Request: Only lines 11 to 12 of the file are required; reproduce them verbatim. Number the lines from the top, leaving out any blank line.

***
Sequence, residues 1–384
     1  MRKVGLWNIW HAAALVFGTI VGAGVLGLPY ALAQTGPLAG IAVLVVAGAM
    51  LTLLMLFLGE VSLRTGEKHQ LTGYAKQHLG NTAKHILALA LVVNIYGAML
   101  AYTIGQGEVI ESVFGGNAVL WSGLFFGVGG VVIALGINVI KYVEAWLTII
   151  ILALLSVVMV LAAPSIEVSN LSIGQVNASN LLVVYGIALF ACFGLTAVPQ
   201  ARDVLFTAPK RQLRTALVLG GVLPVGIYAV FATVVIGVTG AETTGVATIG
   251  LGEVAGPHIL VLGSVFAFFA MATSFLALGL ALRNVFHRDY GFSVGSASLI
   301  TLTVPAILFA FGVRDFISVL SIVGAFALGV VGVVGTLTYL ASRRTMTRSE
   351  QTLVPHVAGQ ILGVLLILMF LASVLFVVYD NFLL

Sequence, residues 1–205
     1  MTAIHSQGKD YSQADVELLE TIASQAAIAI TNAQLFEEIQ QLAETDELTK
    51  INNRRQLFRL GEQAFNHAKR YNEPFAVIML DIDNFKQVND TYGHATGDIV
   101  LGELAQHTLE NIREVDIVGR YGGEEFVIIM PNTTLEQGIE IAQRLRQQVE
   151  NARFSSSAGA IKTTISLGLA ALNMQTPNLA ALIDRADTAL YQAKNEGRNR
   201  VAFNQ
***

     1  MTAIHSQGKD YSQADVELLE TIASQAAIAI TNAQLFEEIQ QLAETDELTK
    51  INNRRQLFRL GEQAFNHAKR YNEPFAVIML DIDNFKQVND TYGHATGDIV